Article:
At this point, the frequencies of different mutations in drug resistance genes with respect to geographic origins of M. tuberculosis isolates have been described exhaustively in various studies, and a specific database was created (Sandgren et al. 2009). With this study, we demonstrated that the local predominance of a specific mutation is possible, but larger worldwide studies are necessary to better understand the geographical distribution of resistance mutations.
The predictive positive value of the developed test ranged from 0.615-1.0, while the predictive negative value was between 0.872-1.0 when compared with sequencing. It is well known that the predictive values of a test directly depend on the prevalence of the characteristic being studied in a particular population.
Therefore, in a given population with features of TB similar to Colombia, it might be economically beneficial to introduce our test. Such introduction would significantly improve the cost-effectiveness of MDR-TB control. This test could become a diagnostic strategy in countries with high prevalence rates of MDR-TB, as a complement or alternative to the other commercial assays.
Compared with commercial tests, our line-probe assay is very reliable in terms of operationalisation because this format allows the execution of 40 samples at once. In 8 h of work, a worker can perform two procedures (80 samples). Therefore, the cost (≈39 USD/test) provides potential advantages for application in centralised laboratories or in smaller laboratories. We believe that the test should be performed in biosafety level 3 laboratories, where biosecurity and staff capability ensure that the test performance would be equal to what we have achieved. However, it could be performed in biosafety level 2 laboratories with a biological safety cabinet and capable staff.
The applicability of mutation detection using our molecular platform of reverse hybridisation is clearly useful in the services network context, where the cost/benefit of the most complex procedures is restricted to the most developed network levels.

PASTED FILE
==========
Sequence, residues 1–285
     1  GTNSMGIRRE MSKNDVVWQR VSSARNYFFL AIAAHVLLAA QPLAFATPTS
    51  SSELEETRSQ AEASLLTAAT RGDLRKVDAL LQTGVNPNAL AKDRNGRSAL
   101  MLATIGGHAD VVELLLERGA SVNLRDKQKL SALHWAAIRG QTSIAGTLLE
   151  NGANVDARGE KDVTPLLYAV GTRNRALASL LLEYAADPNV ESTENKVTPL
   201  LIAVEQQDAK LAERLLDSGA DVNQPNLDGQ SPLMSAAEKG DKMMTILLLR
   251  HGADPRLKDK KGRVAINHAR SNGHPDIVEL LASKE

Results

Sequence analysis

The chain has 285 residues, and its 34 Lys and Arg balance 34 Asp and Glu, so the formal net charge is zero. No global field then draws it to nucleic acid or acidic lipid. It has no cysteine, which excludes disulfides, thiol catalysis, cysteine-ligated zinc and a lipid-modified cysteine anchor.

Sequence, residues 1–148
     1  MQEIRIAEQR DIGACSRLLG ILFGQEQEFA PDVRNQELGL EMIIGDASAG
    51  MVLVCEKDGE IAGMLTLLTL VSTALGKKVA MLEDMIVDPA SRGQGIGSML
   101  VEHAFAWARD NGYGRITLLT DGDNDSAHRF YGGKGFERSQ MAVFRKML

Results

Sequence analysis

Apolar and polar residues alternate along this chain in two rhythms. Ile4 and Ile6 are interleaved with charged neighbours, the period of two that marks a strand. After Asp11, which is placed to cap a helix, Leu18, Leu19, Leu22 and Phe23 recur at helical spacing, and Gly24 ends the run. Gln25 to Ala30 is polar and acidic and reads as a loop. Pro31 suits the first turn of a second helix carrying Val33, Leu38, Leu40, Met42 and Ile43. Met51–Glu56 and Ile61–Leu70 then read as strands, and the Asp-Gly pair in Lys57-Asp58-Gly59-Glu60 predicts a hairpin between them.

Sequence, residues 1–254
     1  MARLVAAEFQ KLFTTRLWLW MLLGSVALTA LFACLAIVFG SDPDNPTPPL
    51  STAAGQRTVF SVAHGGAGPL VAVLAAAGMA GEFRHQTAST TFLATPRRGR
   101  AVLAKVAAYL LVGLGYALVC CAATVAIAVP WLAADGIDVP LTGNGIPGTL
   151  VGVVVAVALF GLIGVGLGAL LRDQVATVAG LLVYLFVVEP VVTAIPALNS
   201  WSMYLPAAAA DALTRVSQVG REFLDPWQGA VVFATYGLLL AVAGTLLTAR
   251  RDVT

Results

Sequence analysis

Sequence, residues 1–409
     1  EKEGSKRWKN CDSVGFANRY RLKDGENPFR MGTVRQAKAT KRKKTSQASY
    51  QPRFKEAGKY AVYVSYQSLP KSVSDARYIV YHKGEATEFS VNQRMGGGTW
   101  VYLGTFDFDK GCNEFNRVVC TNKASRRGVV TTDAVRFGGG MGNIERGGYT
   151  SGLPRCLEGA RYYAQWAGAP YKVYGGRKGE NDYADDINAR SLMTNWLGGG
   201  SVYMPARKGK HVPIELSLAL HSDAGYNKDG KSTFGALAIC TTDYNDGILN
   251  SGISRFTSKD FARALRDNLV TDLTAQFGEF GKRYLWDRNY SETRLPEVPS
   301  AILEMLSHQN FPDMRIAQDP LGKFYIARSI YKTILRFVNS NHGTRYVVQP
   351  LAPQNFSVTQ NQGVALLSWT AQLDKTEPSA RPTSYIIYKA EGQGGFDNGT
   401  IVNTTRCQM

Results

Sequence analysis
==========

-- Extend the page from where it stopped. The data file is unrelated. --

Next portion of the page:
As with many other researchers in the field of XDR, we did not find clear markers in our sequencing of tlyA and rrs, and therefore, we restrict ourselves to gyrA, which is considered a marker of pre-XDR strains. This is one limitation of our method.
In conclusion, we have developed a molecular test with good sensitivity and specificity that is useful for identifying MDR-TB and pre-XDR TB in the Colombian population. This could have a significant impact on the early diagnosis of resistance and may contribute to strategies for controlling resistant TB in the country.
To Laboratory of Molecular Biology Applied to Mycobacteria, Oswaldo Cruz Institute, Fiocruz, by genes sequencing.
Antonova OV, Gryadunov DA, Lapa SA, Kuzmin AV, Larionova EE, Smirnova TG, Nosova EY, Skotnikova OI, Chernousova LN, Moroz AM, Zasedatelev AS, Mikhailovich VM 2008. Detection of mutations in Mycobacterium tuberculosis genome determining resistance to fluoroquinolones by hybridization on biological microchips. Bull Exp Biol Med 145: 108-113.
Boehme C, Nicol M, Nabeta P, Michael J, Gotuzzo E, Tahirli R, Tarcela MT, Blakemore R, Worodria W, Gray C, Huang L, Caceres T, Mehdiyev R, Raymond L, Whitelaw A, Sagadevan K, Alexander H, Albert HH, Cobelens F, Cox H, Alland DD, Perkins M 2011. Feasibility, diagnostic accuracy, and effectiveness of decentralized use of the Xpert MTB/RIF test for diagnosis of tuberculosis and multidrug resistance: a multicentre implementation study. Lancet 377: 1495-1505.
Bwanga F, Hoffner S, Haile M, Joloba ML 2009. Direct susceptibility testing for multidrug resistant tuberculosis: a meta-analysis. BMC Infect Dis 9: 1-15.
Canetti G, Rist N, Grosset J 1963. Measurement of sensitivity of the tuberculous bacillus to antibacillary drugs by the method of proportions. Methodology, resistance criteria, results, and interpretation. Rev Tuberc Pneumol (Paris) 27: 217-272.
Caviedes L, Lee TS, Gilman RH, Sheen P, Spellman E, Lee EH, Berg DE, Montenegro-James S 2000. Rapid, efficient detection, and drug susceptibility testing of MTB in sputum by microscopic observation of broth cultures. J Clin Microbiol 38: 1203-1208.
de Beenhouwer H, Lhiang Z, Jannes G, Mijs W, Machtelinckx L, Rossau R, Traore H, Portaels F 1995. Rapid detection of rifampicin resistance in sputum and biopsy specimens from tuberculosis patients by PCR and line probe assay. Tuber Lung Dis 76: 425-430.
García de Viedma D 2003. Rapid detection of resistance in Mycobacterium tuberculosis: a review discussing molecular approaches. Clin Microbiol Infect 9: 349-359.
Garzón MC, Llerena C, Orjuela DL, Victoria JE 2008. Vigilancia de la resistencia del Mycobacterium tuberculosis a los fármacos antituberculosos, Colombia 2004-2005. Biomedica 28: 319-326.